In Qing Qi Hua Tan Wan, Zhi Shi work together with Tangerine peel (Chen Pi), another assistant herb here, to regulate the Qi, dispelling the focal distention and dissipating the clumps of Phlegm.

Read more about Qing Qi Hua Tan Wan

Huang Lian Wen Dan Tang

Source date: 1852 AD

Number of ingredients: 7 herbs

Formula key actions: Clears Hot Phlegm. Clears Gallbladder Heat. Regulates Qi. Harmonizes the Stomach.

Zhi Shi is an assistant ingredient in Huang Lian Wen Dan Tang. This means that it either serves to reinforces the effect of other ingredients or it moderates their toxicity.

In Huang Lian Wen Dan Tang, Zhi Shi reverses the flow of Rebellious Qi and is particularly effective in treating focal distention.

Read more about Huang Lian Wen Dan Tang

Ma Zi Ren Wan

Source date: 220 AD

Number of ingredients: 7 herbs

Formula key actions: Moistens the Intestines. Invigorates Qi. Unblocks the bowels. Drains Heat.

Conditions targeted*: Incomplete intestinal obstructionPostoperative ileus and others

Zhi Shi is an assistant ingredient in Ma Zi Ren Wan. This means that it either serves to reinforces the effect of other ingredients or it moderates their toxicity.

In Ma Zi Ren Wan, Zhi Shi breaks up accumulation, particularly in the Intestines. 

Read more about Ma Zi Ren Wan

Key TCM concepts behind immature bitter oranges (Zhi Shi)'s properties

In Traditional Chinese Medicine (TCM), immature bitter oranges are plants that belong to the 'Herbs that regulate Qi' category. Herbs in this category typically treat a TCM condition called 'Qi Stagnation'. Concretely it means that Qi is blocked in the body's Organs and Meridians, most typically the Stomach, Liver, and to a lesser extent, the Lungs. In modern medicine terms, Qi Stagnation often translates into psychological consequences such as depression, irritability or mood swings. It's also frequently associated with conditions such as premenstrual syndrome (PMS), menopausal symptoms, the development of breast swellings as well as various digestive disorders.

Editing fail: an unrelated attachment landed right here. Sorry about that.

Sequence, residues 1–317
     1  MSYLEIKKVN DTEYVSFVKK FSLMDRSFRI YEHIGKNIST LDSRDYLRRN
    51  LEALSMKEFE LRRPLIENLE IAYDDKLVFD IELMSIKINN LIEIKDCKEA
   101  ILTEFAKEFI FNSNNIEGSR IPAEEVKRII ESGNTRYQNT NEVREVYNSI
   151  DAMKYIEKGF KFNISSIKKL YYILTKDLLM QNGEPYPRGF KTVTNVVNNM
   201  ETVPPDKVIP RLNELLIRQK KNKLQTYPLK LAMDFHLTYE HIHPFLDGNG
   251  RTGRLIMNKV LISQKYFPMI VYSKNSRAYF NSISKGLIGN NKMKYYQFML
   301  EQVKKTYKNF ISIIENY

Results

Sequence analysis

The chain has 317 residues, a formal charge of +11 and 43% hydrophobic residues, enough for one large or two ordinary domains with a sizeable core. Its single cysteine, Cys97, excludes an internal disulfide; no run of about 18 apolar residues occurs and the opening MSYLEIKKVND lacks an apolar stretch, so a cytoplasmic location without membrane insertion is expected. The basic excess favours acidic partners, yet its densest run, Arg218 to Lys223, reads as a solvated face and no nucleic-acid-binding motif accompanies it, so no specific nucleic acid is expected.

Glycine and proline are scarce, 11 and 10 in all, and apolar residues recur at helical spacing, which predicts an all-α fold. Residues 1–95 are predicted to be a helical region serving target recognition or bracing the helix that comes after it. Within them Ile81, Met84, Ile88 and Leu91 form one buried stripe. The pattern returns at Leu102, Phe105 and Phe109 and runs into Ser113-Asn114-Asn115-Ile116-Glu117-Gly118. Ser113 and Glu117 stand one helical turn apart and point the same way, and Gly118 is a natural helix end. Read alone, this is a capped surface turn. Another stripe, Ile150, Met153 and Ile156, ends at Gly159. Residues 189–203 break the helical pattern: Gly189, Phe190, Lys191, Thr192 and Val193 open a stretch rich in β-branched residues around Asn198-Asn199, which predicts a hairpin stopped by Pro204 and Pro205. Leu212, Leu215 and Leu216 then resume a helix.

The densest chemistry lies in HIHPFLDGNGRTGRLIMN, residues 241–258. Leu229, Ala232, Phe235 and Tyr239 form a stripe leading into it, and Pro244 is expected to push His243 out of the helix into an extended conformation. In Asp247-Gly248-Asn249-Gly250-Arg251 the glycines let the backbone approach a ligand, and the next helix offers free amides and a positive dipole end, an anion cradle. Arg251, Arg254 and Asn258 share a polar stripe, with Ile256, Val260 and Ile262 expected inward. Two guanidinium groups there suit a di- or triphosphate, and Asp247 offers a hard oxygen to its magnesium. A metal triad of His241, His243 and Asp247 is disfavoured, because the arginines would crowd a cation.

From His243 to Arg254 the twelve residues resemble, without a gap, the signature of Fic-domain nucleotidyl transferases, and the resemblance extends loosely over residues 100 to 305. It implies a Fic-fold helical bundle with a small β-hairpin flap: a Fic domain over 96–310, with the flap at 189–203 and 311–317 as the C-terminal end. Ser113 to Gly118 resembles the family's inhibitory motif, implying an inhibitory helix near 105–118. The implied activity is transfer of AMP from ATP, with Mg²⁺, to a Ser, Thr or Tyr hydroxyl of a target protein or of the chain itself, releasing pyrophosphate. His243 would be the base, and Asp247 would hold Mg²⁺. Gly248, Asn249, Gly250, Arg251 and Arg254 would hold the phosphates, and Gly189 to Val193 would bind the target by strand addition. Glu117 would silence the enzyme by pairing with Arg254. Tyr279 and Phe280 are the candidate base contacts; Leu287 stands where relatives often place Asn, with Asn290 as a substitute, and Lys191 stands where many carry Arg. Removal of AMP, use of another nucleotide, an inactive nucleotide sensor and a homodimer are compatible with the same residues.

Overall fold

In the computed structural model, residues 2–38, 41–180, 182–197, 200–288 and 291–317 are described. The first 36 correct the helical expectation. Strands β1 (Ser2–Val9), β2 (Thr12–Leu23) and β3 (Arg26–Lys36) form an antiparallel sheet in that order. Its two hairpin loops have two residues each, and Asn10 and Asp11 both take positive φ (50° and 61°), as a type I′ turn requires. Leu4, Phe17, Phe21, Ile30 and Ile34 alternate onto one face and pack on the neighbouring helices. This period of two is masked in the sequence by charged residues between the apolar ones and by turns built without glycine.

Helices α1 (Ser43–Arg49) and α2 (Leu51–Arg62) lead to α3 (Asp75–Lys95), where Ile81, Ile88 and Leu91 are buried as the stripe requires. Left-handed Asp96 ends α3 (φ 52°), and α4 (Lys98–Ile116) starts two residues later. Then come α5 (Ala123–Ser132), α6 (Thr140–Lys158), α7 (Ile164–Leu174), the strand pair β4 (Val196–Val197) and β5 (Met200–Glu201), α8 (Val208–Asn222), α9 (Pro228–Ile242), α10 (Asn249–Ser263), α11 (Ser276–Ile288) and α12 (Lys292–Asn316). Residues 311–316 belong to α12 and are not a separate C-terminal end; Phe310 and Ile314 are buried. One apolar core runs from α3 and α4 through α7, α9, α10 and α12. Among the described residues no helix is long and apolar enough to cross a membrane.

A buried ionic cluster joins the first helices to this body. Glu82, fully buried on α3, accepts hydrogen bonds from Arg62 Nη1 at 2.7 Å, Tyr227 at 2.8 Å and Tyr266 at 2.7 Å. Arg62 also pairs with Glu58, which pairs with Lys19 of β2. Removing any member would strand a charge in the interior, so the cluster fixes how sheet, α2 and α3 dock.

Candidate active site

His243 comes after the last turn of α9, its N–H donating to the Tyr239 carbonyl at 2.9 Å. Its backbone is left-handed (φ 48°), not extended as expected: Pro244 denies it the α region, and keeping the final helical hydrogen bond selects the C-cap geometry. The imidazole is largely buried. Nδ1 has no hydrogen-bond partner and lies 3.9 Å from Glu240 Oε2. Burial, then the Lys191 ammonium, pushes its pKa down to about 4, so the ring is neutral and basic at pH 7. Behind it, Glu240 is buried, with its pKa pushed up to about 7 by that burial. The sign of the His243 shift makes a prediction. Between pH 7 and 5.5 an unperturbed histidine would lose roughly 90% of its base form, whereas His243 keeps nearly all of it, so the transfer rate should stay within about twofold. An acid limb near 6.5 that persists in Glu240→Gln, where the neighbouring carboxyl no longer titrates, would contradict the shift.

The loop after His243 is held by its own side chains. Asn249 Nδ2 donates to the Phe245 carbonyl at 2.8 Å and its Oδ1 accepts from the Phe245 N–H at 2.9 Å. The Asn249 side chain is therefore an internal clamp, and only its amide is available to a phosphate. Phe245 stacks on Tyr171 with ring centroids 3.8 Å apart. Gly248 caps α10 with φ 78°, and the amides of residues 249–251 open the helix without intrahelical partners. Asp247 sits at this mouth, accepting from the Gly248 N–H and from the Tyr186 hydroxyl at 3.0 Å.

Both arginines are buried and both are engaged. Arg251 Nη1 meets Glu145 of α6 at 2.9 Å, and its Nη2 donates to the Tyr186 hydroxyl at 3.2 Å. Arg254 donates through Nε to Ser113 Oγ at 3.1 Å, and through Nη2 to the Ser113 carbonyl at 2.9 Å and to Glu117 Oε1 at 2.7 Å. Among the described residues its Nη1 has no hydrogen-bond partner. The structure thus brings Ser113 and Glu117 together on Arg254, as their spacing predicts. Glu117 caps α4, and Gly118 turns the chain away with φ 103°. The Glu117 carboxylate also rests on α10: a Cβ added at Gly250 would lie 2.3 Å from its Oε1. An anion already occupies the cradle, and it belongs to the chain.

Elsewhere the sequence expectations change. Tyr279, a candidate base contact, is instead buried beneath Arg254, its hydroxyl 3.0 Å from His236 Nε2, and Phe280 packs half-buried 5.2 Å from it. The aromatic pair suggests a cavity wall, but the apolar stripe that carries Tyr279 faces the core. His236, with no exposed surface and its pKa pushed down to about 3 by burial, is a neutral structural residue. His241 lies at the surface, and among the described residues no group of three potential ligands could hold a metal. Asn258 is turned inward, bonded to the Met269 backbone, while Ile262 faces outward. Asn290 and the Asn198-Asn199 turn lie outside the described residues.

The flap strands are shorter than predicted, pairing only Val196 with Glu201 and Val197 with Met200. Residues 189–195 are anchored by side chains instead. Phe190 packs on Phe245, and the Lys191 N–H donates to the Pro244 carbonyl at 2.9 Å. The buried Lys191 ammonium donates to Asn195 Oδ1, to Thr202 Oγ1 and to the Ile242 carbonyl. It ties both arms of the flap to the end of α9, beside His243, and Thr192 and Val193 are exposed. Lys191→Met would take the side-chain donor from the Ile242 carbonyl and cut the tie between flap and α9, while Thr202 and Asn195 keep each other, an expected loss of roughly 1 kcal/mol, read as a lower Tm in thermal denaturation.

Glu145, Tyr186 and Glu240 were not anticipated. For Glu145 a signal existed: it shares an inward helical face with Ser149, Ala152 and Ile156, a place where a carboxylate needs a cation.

Furthermore immature bitter oranges are plants that are Cool in nature. This means that immature bitter oranges tend to help people who have too much 'Heat' in their body, although with less effect than a plant that would be Cold in nature. Balance between Yin and Yang is a key health concept in TCM. Those who have too much Heat in their body are said to either have a Yang Excess (because Yang is Hot in nature) or a Yin deficiency (Yin is Cold in Nature). Depending on your condition immature bitter oranges can help restore a harmonious balance between Yin and Yang.

Immature Bitter Oranges also taste Bitter, Pungent and Sour. The so-called 'Five Phases' theory in Chinese Medicine states that the taste of TCM ingredients is a key determinant of their action in the body. Bitter ingredients like immature bitter oranges tend to have a cleansing action on the body by clearing Heat, drying Dampness and promoting elimination via urination or bowel movements. On the other hand Pungent ingredients tend to promote the circulations of Qi and Body Fluids. That's why for instance someone tends to sweat a lot when they eat spicy/pungent food. Lastly Sour ingredients help with digestion and restrain abnormal discharges of Fluids from the body, such as diarrhea or heavy sweating.

The tastes of ingredients in TCM also determine what Organs and Meridians they target. As such immature bitter oranges are thought to target the Spleen, the Stomach and the Large intestine. In TCM the Spleen assists with digestion, Blood coagulation and Fluids metabolism in the body. The Stomach on the other hand is responsible for receiving and ripening ingested food and fluids. It is also tasked with descending the digested elements downwards to the Small Intestine. The Large Intestine receives the "impure" parts of the digested food from the Small Intestine, absorbs the remaining fluids and excrete the remainder as feces.